Blake - Cuba Study Tour

What it means to be an outsider in Cuba:

Being an outsider in Cuba in some cases was incredibly confronting, but many other times was nothing of the sort. There was a real divide between the types of interactions you received as a foreigner.

Throughout Cuba, you were constantly reminded of your “exotic” nature (and introduced to the Cuban social structure known as ‘machismo’) as almost every single man that you saw on the street would harass the women, no matter the situation, always intruding on conversations and personal space. The bigger cities like Havana and Trinidad were littered with this kind of behaviour towards outsiders, particularly in the major tourist districts like Habana Vieja. You were not there to be accepted into the community and truly experience the culture, you were there as a grassroots investor of sorts, experiencing the culture to a degree but more importantly handing over money to those in the tourist industry at an incredibly imbalanced rate (compared to those working in high-skill jobs in Cuba, like doctors or engineers).

However, as you move away from the tourist hubs and Cuban capitalism, you find the true nature of Cuban people. The people that I stayed with throughout Cuba were some of the most caring, generous and intelligent people that I have met. You were not treated as an outsider, you were encouraged to be a part of their family, a part of their lives and an important cog in the community.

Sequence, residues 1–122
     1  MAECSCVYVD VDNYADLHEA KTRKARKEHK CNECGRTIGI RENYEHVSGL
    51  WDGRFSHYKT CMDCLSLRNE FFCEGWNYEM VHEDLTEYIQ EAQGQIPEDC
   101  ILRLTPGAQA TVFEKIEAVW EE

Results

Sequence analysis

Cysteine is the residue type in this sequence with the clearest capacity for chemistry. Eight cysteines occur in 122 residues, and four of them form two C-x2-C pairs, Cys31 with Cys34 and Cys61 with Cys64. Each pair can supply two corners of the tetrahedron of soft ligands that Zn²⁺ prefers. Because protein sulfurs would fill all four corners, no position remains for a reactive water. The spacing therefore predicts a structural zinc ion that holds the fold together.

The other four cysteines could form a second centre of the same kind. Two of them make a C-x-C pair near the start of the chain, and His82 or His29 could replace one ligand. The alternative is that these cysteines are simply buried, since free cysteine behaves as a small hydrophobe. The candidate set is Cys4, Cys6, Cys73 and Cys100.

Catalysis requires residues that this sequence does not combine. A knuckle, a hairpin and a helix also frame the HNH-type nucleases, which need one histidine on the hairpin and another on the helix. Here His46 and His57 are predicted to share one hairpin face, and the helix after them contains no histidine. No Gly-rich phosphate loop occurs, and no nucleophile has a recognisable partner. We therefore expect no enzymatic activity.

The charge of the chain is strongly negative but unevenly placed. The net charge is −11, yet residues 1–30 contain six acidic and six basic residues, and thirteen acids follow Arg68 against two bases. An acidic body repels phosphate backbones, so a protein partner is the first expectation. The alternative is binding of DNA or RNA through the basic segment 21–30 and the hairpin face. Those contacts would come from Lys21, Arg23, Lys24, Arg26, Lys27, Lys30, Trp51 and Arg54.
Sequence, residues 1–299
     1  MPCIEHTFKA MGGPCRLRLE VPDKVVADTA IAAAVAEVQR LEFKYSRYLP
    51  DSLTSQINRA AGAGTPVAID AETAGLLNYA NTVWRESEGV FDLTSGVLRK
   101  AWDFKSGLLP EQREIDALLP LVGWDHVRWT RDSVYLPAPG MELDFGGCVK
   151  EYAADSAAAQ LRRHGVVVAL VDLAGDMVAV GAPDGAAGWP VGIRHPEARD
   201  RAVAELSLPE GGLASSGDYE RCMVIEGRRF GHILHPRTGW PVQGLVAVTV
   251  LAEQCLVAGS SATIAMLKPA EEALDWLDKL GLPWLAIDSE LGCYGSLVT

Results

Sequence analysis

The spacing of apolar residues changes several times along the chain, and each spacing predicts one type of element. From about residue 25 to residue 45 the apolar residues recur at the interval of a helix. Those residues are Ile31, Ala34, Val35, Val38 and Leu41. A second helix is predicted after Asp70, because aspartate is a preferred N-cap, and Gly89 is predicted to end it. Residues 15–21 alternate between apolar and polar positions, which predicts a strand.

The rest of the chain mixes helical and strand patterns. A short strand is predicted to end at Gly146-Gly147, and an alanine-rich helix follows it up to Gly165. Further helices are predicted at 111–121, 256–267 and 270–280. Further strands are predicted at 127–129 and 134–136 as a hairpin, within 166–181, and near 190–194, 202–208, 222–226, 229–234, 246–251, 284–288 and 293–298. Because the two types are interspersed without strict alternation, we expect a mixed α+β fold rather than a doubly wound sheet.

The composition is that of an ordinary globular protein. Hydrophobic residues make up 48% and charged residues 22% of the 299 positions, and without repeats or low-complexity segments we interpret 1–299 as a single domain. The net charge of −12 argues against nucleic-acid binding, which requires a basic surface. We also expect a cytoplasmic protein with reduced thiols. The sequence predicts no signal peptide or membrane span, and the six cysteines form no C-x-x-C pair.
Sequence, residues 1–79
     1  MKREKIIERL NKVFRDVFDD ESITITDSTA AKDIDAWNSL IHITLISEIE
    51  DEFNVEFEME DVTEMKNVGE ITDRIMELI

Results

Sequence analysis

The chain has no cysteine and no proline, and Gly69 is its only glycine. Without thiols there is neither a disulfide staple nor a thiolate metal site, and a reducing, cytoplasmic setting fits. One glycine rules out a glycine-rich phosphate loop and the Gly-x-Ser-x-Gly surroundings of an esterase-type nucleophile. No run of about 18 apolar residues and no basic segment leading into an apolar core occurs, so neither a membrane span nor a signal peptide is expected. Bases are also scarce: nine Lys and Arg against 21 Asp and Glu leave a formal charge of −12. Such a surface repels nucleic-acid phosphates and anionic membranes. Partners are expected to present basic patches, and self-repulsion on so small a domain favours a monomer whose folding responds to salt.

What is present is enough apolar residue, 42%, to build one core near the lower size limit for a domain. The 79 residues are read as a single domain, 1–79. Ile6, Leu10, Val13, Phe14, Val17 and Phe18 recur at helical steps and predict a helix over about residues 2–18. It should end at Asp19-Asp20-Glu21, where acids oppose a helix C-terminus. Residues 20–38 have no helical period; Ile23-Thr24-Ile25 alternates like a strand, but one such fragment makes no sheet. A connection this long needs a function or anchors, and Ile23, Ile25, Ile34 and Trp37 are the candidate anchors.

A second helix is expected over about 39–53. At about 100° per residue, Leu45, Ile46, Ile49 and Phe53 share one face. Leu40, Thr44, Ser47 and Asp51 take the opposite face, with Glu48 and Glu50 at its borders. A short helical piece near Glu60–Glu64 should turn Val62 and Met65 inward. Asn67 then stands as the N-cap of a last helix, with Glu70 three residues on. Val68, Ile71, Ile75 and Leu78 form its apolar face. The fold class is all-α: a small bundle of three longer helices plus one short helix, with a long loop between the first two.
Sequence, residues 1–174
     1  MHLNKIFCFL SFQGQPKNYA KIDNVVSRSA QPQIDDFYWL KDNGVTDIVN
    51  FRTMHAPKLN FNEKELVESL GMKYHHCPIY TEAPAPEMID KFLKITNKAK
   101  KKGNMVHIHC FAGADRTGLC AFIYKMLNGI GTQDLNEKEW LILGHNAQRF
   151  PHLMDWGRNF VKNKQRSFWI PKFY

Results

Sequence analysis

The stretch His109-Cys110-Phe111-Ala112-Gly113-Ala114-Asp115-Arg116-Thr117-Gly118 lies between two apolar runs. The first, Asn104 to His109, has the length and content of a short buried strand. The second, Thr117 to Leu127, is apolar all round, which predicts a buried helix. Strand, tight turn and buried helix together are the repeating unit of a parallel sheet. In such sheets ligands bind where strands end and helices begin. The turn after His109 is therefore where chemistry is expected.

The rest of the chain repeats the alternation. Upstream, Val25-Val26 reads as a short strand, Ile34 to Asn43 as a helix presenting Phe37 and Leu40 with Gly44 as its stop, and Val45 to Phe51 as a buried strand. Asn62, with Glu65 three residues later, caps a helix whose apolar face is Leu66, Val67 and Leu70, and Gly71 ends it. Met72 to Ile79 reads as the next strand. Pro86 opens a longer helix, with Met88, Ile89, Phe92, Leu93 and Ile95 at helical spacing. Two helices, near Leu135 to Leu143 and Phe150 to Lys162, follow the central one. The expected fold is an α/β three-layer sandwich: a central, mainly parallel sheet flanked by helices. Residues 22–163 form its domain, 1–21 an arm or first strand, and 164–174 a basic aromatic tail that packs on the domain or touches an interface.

In Santa Clara, for example, although my Spanish is incredibly limited, methods of communication and enjoyment between us and the Cuban people were easy. If you were not seen as a vessel of funds, you were a person cared for, and you wanted to care for them. Our hosts in Santa Clara were the perfect embodiment of caring people, always willing to hear us out and always ready to have a chat.

I believe that, like most things, being an outsider in Cuba is complex, and geographically defined. The location in which you move about defines your experience as an outsider in Cuba, if you stick to the beaten path of outsiders in Cuba, you will only see the entrepreneurial and almost desperate nature of Cubans. But if you dig deep enough, you will find an almost completely different experience of being an outsider, you have no segregation, you have no barriers, you are engrossed in what they do.